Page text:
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This cycle too shall pass, Manish Gunwani makes a bull case for midcaps

ET Now|
Aug 29, 2019, 01.15 PM IST
0Comments
Manish Gunwani-Reliance MF-1200

Highlights

  • Both time and price correction has happened in midcaps.
  • In midcaps, we like hospitals, real estate, utilities, cement.
  • We have assets to liabilities ratio of 10 which for US is about 7 or 8.
At the bottom of the cycle you get the lowest interest rates because no one is interested in utilising that money, says Manish Gunwani, CIO Equities, Reliance Nippon Life Asset Management. Excerpts from an interview with ETNOW.


Life has changed for investors given where markets are in the last six months. What would you say?
In years of investing, we have seen multiple cycles like this. This is probably a fairly long correction, not in terms of price but in terms of time because probably it is 18 months since the broader market gave you any returns. But yes, a lot of factors came together. Essentially, a lot of Indian cycles are correlated with the emerging market cycle. The emerging markets themselves have been in a slow phase for the last 18 months.

On top of that, there was the NBFC issue which been like of liquidity shock really. They are not big in terms of the financial system but in terms of the steep fall in disbursements and loans given out, they had a big role in the slowdown. But my sense is probably it should improve from here.

Why do you think markets will improve? Markets only improve if there is deep value or an earnings recovery. The kind of stocks which are popular stocks with fund managers, there is a little bit of growth and good management comfort. Those are not cheap and I do not think anybody can put their hand up and say look agle 2 quarter mein earnings aane wala hai (earnings are going to improve in the next two quarters). So what is the bull case for market?
There are four big cyclical factors that work in an economy. a)The interest rate and monetary conditions. Obviously that has been very bad for last one year. b)Fiscal spending which given it has been an election year and given the fact that tax revenues have not scaled up, has been slow as well. c)Rupee went from 74 to 67 and that in a way is deflationary and anti-growth. d)Global growth in terms of capital flows because obviously India is fairly integrated in terms of trade.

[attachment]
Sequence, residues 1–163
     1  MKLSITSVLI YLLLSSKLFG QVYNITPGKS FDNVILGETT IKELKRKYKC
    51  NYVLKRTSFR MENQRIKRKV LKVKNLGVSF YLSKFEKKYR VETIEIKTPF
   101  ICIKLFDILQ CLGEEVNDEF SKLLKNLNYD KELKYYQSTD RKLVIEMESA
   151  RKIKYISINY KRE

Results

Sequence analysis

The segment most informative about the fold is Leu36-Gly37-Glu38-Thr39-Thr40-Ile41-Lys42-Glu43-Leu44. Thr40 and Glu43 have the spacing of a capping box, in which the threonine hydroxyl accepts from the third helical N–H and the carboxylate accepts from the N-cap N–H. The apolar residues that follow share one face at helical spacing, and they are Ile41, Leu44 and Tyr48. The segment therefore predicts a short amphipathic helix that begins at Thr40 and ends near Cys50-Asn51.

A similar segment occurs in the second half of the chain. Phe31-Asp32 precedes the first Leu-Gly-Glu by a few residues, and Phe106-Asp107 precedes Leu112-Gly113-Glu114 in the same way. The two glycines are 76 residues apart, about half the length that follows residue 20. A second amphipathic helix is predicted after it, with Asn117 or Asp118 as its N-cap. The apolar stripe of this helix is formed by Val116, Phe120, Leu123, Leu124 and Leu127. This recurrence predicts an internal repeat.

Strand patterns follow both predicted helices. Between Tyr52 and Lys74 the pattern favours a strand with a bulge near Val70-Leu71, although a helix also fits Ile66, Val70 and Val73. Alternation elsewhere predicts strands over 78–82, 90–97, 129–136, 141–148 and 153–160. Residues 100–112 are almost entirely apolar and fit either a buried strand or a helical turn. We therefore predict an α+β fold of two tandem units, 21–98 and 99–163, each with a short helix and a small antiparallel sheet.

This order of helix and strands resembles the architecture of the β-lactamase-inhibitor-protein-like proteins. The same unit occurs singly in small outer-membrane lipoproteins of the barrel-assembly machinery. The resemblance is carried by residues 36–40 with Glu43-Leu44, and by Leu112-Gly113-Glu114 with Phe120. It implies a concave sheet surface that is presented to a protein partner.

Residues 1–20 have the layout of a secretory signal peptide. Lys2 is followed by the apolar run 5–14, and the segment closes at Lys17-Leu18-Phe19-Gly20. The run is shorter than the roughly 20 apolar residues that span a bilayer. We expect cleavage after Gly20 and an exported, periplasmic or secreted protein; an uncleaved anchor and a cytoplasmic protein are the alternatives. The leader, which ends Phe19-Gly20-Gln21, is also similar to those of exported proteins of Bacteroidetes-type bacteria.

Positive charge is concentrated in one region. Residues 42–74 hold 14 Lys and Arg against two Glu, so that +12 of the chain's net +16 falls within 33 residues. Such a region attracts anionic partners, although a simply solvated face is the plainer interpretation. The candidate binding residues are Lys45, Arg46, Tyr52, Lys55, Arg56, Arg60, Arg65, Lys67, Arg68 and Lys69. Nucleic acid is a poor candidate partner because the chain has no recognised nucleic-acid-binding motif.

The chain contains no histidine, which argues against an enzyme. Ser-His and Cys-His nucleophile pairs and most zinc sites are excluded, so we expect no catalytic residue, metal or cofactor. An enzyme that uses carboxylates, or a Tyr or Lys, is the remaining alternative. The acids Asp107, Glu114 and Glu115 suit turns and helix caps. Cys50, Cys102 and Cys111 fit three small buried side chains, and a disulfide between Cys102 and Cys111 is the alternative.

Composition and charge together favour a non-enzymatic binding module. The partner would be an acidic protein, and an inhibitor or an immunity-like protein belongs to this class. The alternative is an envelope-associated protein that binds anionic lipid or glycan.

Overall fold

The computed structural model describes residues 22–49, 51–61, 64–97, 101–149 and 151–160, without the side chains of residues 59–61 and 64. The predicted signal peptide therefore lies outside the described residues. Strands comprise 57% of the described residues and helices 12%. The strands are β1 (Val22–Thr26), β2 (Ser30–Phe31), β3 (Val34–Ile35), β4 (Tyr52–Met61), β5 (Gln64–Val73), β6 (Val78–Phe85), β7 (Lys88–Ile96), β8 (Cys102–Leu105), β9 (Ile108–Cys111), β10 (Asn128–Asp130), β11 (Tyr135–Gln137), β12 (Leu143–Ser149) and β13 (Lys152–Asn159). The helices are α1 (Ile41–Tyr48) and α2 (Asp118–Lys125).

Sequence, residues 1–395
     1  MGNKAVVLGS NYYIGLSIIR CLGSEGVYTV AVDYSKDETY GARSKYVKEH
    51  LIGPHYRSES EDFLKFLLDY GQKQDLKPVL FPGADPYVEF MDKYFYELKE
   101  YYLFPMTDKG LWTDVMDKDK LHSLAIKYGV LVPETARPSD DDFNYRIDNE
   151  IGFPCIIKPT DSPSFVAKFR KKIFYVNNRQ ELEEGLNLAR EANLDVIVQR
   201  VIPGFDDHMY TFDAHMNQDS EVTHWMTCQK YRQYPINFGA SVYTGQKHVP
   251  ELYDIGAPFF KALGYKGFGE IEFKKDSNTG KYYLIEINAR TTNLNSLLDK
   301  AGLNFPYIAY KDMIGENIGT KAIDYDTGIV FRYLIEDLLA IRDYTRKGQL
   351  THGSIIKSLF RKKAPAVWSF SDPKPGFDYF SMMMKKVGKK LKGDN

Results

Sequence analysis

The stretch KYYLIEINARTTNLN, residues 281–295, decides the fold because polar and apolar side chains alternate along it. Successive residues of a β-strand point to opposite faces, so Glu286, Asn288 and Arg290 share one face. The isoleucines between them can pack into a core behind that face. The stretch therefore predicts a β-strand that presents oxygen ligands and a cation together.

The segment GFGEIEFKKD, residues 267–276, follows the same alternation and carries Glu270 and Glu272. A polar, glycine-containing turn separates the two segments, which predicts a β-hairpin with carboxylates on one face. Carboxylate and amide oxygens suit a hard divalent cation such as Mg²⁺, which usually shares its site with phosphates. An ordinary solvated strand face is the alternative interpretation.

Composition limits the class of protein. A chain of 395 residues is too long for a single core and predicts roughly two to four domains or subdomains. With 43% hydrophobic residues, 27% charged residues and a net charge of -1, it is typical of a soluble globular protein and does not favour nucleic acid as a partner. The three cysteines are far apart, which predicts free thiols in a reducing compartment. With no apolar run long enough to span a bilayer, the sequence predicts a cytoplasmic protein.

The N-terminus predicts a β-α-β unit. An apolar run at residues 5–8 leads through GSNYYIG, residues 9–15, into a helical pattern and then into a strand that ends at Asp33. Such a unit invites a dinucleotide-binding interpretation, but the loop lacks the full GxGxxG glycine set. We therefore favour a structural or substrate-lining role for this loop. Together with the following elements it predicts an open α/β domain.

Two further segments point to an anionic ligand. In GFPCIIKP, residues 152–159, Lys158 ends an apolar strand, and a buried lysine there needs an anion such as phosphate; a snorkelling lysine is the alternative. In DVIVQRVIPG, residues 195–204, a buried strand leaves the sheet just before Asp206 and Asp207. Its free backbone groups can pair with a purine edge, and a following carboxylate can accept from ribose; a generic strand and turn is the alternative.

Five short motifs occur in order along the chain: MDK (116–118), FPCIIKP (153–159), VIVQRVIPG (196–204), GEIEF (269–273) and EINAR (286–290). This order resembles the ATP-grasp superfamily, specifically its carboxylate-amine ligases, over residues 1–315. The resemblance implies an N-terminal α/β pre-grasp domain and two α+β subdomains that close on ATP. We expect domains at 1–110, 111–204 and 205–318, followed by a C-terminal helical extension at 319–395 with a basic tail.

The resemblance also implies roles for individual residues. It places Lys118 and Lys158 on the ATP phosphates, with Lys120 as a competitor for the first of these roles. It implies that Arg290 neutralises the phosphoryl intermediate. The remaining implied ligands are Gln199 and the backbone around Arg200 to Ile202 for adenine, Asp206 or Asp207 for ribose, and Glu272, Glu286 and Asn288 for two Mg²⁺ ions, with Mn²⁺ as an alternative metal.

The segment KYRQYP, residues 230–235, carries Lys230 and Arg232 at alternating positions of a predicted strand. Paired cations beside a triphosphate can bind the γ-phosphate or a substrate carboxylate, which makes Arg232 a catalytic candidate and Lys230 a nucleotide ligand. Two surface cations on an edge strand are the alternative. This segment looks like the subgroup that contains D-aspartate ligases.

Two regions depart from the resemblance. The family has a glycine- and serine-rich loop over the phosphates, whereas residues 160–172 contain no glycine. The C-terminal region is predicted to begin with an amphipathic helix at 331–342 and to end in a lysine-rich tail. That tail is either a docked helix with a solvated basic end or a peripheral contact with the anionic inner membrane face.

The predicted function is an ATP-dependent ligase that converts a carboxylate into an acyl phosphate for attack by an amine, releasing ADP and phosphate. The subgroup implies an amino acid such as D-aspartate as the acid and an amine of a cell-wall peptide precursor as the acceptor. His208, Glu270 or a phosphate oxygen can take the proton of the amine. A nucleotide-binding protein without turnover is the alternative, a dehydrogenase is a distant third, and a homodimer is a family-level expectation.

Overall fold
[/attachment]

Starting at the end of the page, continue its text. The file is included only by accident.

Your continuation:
There seems to have been a perfect storm where everything went wrong in last one year. But if you see yourself sitting here and think about what is going to happen for next one year, monetary conditions and the rupee are likely to improve substantially; in a sense, rupee has already improved a bit. It has depreciated 4-5%. That helps improve export margins, incentivise import substitution. Investors sitting outside are less worried more about further depreciation. So ideally for them, it has created a bit of value.

In terms of monetary conditions, the NBFC balance sheet is not that big. The banking system is Rs 150 lakh crore plus while the NBFC balance sheet is Rs 25-30 lakh crore. The ones under the cloud are probably worth about Rs 3 to 5 lakh crore. Even if you assume that the worst happens, the loss given default has probably gone up to Rs 1.5 lakh crore. Now if that is unlikely to shake a balance sheet of Rs 150-lakh-crore financial system.

But it happened in a concentrated period of time and the NBFC disbursals have dropped 30-40%. So there was a liquidity shock into the system which will improve going forward because we are already seeing the good corporates and NBFCs actually borrow three months , six months CPs at 5-6-7%.

So why is RBI maintaining that there is enough liquidity in the system? Why are banks saying they do not need capital? Why are corporates telling us that we want to borrow but banks are not lending to us. Is liquidity the problem or is willingness the problem?
Liquidity also has a soft element to it which is basically your animal spirits. Right now, the four big cyclical factors are going wrong and obviously a lot of people have lost their animal spirits and the banks do not want to lend because they are scared of NPAs; the corporates do not want to borrow because they have seen profitability getting hit. But that is what happens near the bottom of the cycle. At the bottom of the cycle you get the lowest interest rates because no one is interested in utilising that money and we probably are three-fourths or 80% whatever, we do not know the number because we will know the bottom only after we crossed it but we probably are very close to that.

So what do you do as an investor? Do you protect capital? Is it time to even ease out of the corporate banks or the top NBFCs or do you start hunting down the beaten down mid and smallcaps because they will give higher alpha whenever the market is to recover?
Today midcaps make a lot of sense because both time and price correction has happened even the aggregate valuations. Quality companies are relatively expensive at this point of time and so you are getting a lot of reasonably good businesses, they may not be the highest ROE businesses on the street, but reasonably good businesses at a steep discount or replacement cost, at a steep discount to book value.

One of the themes we like in midcaps is essentially these asset based industries like hospitals, real estate, utilities, cement which is difficult to put up versus the market caps they are trading at. Today if you want a lot of midcap cements trading at $40 to $50 per tonne, we all know that is a steep discount to replacement cost. Obviously the returns will come only once the economy recovers but as I said see what tends to happen is if you look at any country, your trend growth rate which has been there for 20-30 years, does not collapse overnight.

Be it in the US or India, around the trend growth rate you get cycles which are typically mean reverting because if your growth is low, inflation will come down, interest rates will come down and there will be a stimulus and growth rate will go back because the trend growth rate is about your demographics, education, health etc. which does not change for budget or FPI surcharge or lot of things we discuss day in and day out right.

So, to assume that auto sales will never grow in India again or that steel and cement demand will never grow is a bit of too much pessimism at this point of time.

But timing is also important. Would you buy autos now?